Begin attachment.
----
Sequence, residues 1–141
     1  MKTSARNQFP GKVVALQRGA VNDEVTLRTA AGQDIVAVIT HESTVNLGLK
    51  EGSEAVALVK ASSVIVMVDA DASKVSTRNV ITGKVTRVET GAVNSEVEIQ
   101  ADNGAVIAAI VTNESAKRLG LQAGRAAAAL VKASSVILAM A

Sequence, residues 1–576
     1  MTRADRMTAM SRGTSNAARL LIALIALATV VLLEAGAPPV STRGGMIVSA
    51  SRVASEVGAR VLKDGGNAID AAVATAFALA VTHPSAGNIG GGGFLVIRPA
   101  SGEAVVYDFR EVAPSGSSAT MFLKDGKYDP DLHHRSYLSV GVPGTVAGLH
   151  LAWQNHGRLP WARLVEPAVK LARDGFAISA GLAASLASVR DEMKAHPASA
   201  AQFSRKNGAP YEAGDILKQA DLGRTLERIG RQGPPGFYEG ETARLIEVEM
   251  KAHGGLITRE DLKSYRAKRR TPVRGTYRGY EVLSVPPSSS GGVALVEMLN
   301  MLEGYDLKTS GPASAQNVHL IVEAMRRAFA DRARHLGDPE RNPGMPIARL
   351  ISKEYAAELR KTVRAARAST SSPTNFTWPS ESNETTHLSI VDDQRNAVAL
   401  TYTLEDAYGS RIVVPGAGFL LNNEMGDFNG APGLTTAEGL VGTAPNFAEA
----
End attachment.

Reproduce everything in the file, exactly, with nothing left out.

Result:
Sequence, residues 1–141
     1  MKTSARNQFP GKVVALQRGA VNDEVTLRTA AGQDIVAVIT HESTVNLGLK
    51  EGSEAVALVK ASSVIVMVDA DASKVSTRNV ITGKVTRVET GAVNSEVEIQ
   101  ADNGAVIAAI VTNESAKRLG LQAGRAAAAL VKASSVILAM A

Sequence, residues 1–576
     1  MTRADRMTAM SRGTSNAARL LIALIALATV VLLEAGAPPV STRGGMIVSA
    51  SRVASEVGAR VLKDGGNAID AAVATAFALA VTHPSAGNIG GGGFLVIRPA
   101  SGEAVVYDFR EVAPSGSSAT MFLKDGKYDP DLHHRSYLSV GVPGTVAGLH
   151  LAWQNHGRLP WARLVEPAVK LARDGFAISA GLAASLASVR DEMKAHPASA
   201  AQFSRKNGAP YEAGDILKQA DLGRTLERIG RQGPPGFYEG ETARLIEVEM
   251  KAHGGLITRE DLKSYRAKRR TPVRGTYRGY EVLSVPPSSS GGVALVEMLN
   301  MLEGYDLKTS GPASAQNVHL IVEAMRRAFA DRARHLGDPE RNPGMPIARL
   351  ISKEYAAELR KTVRAARAST SSPTNFTWPS ESNETTHLSI VDDQRNAVAL
   401  TYTLEDAYGS RIVVPGAGFL LNNEMGDFNG APGLTTAEGL VGTAPNFAEA